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We went to the auction yesterday and took our little buck kid. He weighed 67lbs after being confined overnight, so probly 73lbs before his overnight stress/no feed. He sold for $170 which we are happy with because locally $125-150 is all we would have gotten. He was the first animal sold for the auction which wasnt grest because there were 18 goats for sale which they announced and I guess people thought there might be some better options coming. There was a 101lb buck that went 3rd and got $210 but he was a diary breed cross. So we sat thru almost the entire auction and kept out bidder numbers to ourselves.....until the calves came out. So effectively we turn our little buck goat into 3 calves and still left with $31 cash from the bucks sale. Overall a good day at the auction, we got rid of a buck we didnt want or need and got 3 more bull calves.
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So far some good some bad. The black and white one is doing fine and bottle trained. The little brown one is very young maybe 3-4 days old and not doing so great. He took a bottle ok last night but wasnt interested this morning. It could be that the time was just to soon for a second bottle as it was only 7hrs later. It is possible he may not make it which we knew when we bought him, he was $17. We gave him electrolytes so we shall see. The white and brown one is doing great, is bucket trained already, and is already eating hay. He is the heaviest at 71lbs, the black and white one is 64lbs and the little brown one is 41lbs.

We are planning on taking out lambs in next week or the week after depending on prices and how they look. A little more weight on them will not hurt our sale prices. We will probly bring home more calves, when we go to sell the sheep. The only big downside of this idea of buying auction calves and selling them as started calves or light steers is it means we are no longer exempt from TB testing and movement restrictions. I'm sure our local USDA lady will be calling us today to let us know we have to move to the other category and when we need to do our TB testing. In the eyes of the local USDA we are now officially cattle/cow farmers. We also have a deal with a guy down the road to take any of his calves he doesnt want to deal with.....he raises black angus. He said he has a few a year, usually not more then 5 but that is 5 free black angus calves we just need to pay for milk replacer, he will make sure they get colostrum for us. We are thinking we can carry about 10 bottle calves max at a time, and 2-5 weaned calves over 300lbs depending on our hay yield this year.. To that end we will likely take one of our bigger steers to the auction and keep the other to grow out for slaughter.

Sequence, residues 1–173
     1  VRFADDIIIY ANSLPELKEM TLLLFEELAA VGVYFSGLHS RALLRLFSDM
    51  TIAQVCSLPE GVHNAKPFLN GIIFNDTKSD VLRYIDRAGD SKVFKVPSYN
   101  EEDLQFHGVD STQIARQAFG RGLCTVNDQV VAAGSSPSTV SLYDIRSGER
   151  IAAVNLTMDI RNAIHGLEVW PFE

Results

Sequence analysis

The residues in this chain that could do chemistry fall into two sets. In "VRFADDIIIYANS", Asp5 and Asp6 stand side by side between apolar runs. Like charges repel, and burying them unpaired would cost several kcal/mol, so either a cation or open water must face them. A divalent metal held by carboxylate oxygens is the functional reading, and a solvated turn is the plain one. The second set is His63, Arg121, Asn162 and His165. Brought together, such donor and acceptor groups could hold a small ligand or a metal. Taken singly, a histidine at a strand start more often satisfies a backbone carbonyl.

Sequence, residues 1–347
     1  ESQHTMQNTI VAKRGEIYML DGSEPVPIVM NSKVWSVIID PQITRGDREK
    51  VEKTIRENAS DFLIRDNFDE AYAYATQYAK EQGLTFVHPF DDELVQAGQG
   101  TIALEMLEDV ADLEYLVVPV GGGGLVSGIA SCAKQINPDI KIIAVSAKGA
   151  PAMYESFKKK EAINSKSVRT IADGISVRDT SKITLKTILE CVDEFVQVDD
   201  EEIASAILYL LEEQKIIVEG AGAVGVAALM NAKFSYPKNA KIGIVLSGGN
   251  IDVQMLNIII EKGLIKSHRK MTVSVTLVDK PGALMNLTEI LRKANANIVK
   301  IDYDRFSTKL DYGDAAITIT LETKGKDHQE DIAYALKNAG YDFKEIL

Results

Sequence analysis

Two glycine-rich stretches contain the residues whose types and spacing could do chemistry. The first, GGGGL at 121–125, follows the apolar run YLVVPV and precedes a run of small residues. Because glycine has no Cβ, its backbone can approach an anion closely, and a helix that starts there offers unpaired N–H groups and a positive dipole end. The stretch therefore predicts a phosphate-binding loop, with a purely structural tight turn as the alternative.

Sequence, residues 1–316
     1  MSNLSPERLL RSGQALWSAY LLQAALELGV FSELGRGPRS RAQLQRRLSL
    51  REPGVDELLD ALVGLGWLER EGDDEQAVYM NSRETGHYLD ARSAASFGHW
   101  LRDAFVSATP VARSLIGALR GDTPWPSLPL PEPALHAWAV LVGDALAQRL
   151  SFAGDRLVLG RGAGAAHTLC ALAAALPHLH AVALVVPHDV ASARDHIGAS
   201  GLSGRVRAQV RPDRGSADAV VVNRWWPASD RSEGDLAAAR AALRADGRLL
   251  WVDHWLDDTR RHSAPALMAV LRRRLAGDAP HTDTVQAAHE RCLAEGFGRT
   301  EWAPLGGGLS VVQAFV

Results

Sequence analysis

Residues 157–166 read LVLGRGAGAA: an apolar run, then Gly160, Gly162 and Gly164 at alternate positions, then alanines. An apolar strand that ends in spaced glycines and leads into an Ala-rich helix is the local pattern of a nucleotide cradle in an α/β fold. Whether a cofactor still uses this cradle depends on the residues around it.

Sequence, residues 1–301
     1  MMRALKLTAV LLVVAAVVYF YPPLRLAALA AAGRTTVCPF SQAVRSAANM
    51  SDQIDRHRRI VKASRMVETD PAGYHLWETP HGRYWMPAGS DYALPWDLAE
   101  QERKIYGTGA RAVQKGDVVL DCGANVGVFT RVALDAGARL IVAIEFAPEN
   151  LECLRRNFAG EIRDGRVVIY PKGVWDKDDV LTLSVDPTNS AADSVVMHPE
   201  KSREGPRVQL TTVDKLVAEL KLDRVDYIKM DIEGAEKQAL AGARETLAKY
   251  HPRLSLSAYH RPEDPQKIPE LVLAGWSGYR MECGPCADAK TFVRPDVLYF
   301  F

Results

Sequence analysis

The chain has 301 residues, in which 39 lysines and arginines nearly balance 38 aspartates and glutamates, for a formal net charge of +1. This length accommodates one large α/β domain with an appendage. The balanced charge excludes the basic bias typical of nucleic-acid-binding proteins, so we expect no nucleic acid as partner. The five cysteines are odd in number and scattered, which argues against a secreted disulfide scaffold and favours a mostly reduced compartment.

In other news....Ivy's light colored daughter had twins yesterday. One boy one girl, both have some spots and look to be doing well. She is being a good mom so far. I will see about getting pictures for you guys.
 
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misfitmorgan

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We lost the brown calf on Saturday. He would not stop scouring even with treatment, he did not want to eat even from the night we brought him home. He drank 1 bottle that night and it took 40 minutes. We tube fed him all the rest and we knew his odds were not looking good even Thursday morning.